Fredericksburg to Petersburg, Va.
The purpose of this map is uncertain; it may have been to identify the rail lines within the corridor between Fredericksburg and Petersburg. Included (as phrased by Sneden) are the Richmond and Danville Railroad, Lynchburg Railroad, Norfolk and Petersburg Railroad, Virginia Central Railroad, and the Richmond Fredericksburg (Railroad). A few key events in the entire war are indicated such as the surrender of Lee...
Sneden, Robert Knox
Plan of the Battle of Fredericksburg.
Map is oriented with the Rappahannock River to the top (actually, north/northeast) and the Massaponax River [now Creek] to the right (actually, south). Shows the field of action for the first Battle of Fredericksburg, December 12-13, 1862.
Plan of the battle of Fredericksburg. Fought 13th Decr. 1862.
Map shows Gen. R. E. Lee's strong position on the heights overlooking Fredericksburg, Va. While he could not prevent the Union forces from crossing the Rappahannock River on December 13 and taking the town, they were unable, despite repeated suicidal assaults, to take the hills on which the Confederate forces were entrenched. After several days astride the river, the Union forces withdrew the night...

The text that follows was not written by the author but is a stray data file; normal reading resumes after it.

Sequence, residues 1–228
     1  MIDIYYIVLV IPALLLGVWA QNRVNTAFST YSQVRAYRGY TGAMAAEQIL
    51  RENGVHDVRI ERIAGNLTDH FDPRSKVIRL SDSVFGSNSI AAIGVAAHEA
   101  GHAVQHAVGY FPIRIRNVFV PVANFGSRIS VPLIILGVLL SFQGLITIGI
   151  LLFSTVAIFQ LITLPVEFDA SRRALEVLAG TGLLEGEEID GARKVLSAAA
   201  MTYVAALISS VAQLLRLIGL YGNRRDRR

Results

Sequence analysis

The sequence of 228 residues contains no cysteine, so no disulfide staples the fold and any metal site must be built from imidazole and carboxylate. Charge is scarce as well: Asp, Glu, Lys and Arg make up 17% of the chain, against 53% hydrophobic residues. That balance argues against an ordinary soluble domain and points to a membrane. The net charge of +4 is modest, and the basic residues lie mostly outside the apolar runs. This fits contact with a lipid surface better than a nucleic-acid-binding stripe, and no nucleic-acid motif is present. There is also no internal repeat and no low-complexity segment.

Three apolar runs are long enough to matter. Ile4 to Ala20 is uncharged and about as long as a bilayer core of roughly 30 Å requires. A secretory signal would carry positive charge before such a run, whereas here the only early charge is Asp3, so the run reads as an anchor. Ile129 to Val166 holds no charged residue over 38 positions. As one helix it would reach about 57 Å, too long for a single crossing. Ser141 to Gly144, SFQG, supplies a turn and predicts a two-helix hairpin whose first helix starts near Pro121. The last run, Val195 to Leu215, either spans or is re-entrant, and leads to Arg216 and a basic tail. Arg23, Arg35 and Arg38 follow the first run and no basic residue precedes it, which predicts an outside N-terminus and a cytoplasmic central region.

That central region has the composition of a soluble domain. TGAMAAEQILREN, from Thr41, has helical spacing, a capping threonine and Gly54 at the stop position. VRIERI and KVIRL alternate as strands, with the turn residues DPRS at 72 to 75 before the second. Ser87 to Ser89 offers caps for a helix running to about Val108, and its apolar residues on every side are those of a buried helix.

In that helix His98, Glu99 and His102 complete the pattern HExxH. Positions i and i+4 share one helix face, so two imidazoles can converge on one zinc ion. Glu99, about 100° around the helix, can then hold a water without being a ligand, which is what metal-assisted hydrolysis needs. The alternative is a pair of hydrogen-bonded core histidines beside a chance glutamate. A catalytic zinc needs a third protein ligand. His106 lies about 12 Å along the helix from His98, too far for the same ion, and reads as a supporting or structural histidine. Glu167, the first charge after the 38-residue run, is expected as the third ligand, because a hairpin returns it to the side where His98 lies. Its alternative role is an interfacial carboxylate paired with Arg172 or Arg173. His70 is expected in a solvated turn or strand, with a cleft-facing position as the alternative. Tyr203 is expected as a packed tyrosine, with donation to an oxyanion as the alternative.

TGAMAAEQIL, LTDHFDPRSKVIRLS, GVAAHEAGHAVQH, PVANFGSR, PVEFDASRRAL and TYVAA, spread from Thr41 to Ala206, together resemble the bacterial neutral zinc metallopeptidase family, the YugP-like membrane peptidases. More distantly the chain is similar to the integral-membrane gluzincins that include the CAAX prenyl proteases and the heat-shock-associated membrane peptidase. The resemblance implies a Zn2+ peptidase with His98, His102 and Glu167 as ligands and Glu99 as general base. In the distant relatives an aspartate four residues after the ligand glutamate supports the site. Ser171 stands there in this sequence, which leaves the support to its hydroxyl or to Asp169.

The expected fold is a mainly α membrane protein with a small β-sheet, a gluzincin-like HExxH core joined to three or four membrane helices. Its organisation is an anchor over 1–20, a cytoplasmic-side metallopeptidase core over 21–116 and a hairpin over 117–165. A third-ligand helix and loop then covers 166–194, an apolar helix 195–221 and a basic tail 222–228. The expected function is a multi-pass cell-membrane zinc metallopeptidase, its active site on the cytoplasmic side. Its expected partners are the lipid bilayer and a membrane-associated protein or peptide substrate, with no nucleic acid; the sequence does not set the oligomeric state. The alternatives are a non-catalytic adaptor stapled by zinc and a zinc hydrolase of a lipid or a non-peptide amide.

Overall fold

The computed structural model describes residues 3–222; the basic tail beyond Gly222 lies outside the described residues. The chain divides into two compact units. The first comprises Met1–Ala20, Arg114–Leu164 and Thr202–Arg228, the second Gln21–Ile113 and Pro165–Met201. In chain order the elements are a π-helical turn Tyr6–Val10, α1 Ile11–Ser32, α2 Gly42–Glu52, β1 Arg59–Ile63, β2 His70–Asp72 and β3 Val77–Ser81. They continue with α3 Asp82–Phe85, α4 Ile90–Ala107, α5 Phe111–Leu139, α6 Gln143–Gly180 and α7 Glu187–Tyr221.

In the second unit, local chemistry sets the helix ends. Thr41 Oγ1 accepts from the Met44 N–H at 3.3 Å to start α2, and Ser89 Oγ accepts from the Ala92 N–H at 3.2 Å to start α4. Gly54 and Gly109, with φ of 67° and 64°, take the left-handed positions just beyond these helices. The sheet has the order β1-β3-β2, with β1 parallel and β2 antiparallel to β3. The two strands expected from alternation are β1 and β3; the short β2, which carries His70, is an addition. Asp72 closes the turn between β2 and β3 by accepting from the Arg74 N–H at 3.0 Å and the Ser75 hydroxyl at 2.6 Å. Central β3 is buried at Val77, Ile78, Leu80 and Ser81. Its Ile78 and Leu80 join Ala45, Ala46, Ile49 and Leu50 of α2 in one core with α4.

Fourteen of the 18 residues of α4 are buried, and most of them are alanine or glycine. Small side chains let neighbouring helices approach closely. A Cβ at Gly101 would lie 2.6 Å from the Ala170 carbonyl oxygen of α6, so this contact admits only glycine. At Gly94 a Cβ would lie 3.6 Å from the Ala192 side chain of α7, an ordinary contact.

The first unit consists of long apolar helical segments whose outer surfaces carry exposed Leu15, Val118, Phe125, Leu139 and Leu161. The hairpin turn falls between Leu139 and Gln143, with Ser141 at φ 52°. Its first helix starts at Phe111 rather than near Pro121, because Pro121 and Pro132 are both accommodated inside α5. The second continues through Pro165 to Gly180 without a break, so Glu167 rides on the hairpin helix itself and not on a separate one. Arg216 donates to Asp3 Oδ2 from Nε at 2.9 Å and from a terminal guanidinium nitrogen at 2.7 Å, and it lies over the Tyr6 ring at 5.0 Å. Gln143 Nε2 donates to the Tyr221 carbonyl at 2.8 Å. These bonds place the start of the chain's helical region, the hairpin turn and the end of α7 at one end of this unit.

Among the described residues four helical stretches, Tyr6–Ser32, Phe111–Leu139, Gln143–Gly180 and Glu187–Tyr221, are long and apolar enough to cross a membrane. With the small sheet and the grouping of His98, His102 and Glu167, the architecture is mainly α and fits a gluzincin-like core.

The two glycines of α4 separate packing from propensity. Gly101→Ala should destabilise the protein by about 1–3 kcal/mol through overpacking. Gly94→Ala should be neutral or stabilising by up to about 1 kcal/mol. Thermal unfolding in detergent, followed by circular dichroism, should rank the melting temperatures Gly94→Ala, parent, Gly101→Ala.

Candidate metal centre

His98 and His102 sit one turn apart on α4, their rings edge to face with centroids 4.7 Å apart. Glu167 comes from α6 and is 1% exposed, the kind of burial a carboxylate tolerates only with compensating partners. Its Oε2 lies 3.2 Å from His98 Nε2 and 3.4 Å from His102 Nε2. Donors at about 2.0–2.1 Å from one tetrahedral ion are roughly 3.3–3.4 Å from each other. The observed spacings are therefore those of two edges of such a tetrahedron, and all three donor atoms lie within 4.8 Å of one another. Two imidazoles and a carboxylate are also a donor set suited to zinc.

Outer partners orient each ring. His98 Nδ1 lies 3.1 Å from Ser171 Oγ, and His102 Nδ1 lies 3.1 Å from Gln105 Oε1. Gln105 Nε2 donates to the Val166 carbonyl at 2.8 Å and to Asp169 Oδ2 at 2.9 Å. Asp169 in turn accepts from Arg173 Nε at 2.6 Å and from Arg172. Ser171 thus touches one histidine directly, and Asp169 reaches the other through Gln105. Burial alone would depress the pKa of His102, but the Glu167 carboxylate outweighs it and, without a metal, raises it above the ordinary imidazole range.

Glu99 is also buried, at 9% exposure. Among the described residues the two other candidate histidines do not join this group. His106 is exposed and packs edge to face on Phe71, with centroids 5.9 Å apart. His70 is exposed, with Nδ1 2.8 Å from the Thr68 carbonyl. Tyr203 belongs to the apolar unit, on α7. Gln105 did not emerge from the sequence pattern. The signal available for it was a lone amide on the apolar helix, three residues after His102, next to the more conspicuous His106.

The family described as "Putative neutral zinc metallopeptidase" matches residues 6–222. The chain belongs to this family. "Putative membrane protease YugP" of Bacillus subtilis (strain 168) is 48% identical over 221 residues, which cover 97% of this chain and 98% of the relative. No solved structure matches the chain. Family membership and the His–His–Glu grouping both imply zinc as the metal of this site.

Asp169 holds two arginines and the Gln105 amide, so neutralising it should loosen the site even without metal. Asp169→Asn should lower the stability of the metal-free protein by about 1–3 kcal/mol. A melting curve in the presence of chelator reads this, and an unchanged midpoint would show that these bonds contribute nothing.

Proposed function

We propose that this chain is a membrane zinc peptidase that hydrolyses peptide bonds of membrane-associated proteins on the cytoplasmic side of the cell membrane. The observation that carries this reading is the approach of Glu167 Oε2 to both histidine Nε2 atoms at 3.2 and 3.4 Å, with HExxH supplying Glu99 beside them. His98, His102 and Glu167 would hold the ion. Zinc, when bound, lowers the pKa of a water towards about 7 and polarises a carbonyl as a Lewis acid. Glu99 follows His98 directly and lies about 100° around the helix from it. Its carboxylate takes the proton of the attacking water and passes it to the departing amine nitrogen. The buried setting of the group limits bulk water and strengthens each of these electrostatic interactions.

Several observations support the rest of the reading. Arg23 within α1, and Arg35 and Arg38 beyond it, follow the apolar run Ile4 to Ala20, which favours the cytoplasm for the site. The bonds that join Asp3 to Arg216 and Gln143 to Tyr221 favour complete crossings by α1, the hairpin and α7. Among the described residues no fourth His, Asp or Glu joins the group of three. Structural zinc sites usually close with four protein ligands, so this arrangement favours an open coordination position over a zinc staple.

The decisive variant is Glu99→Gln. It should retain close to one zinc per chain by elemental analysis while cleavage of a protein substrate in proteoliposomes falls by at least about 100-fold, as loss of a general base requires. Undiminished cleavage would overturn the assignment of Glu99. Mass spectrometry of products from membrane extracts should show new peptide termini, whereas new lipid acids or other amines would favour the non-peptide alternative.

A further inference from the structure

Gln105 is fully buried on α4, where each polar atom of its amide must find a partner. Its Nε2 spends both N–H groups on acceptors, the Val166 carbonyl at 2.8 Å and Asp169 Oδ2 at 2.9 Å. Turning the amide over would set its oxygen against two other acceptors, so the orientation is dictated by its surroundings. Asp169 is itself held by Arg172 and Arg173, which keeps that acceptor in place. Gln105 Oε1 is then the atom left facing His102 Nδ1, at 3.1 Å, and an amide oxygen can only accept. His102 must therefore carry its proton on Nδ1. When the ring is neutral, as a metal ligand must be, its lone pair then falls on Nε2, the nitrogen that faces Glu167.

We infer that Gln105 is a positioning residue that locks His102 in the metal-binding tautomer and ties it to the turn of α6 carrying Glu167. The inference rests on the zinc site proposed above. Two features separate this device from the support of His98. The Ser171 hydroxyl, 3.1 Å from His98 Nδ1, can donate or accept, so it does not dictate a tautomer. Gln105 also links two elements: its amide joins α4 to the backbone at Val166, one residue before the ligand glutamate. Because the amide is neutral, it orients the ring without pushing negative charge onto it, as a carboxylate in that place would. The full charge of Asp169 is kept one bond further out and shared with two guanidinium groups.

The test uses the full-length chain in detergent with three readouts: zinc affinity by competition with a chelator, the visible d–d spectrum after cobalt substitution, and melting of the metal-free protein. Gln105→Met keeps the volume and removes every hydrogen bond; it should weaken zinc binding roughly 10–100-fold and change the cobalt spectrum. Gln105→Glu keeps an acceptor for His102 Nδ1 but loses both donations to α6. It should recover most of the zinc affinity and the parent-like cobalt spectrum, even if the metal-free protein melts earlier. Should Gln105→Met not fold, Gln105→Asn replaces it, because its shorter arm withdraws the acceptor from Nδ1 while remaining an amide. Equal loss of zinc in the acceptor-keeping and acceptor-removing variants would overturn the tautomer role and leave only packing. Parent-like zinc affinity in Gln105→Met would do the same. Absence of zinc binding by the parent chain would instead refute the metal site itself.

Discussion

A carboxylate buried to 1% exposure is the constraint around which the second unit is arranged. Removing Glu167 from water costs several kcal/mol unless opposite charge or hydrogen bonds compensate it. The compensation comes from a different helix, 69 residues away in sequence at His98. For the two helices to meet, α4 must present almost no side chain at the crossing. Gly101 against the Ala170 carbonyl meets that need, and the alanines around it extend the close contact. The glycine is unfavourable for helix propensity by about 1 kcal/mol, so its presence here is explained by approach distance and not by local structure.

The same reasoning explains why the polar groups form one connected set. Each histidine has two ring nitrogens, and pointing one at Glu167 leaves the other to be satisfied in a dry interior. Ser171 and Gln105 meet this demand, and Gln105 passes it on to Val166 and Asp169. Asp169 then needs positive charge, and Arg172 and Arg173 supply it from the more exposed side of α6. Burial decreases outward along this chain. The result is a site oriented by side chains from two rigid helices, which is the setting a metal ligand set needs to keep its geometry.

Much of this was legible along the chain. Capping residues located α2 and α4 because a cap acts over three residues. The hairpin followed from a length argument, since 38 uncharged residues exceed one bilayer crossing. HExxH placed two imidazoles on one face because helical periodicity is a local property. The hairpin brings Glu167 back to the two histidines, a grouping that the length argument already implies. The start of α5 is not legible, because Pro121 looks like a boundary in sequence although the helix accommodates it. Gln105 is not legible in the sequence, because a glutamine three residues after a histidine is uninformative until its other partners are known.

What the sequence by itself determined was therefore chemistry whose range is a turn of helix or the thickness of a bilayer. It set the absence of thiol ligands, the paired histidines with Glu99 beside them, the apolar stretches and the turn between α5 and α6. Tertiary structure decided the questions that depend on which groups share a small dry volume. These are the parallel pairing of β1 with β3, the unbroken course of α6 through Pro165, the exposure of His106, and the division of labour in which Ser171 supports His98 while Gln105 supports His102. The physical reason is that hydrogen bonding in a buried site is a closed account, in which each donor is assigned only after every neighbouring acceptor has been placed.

Sneden, Robert Knox - Paine, William H.
Position of Union and Rebel armies at Fredericksburg, Decr. 1st 1862
Map shows the area surrounding Fredericksburg, Va., including Spotsylvania Courthouse, Chancellorsville and Falmouth, during the Fredericksburg Campaign. This image shows the situation several days before the battle of Fredericksburg, on December 13th, during which Burnside ordered several futile attacks against Lee's forces. After losing over 12,000 men, the Federal forces withdrew on December 15th.
Sneden, Robert Knox
Plan of the Battle of Fredericksburg, Va., Decr. 13, 1862.
Map shows the region surrounding Fredericksburg, Va., including Marie's Heights outside of the city and Falmouth across the Rappahannock River. Due to Burnside's slow maneuvering of the Union forces, Lee was able to use the bluffs overlooking the river to his advantage. After sustaining heavy losses crossing the river, Burnside decided against renewed attacks and withdrew on the 15th of December.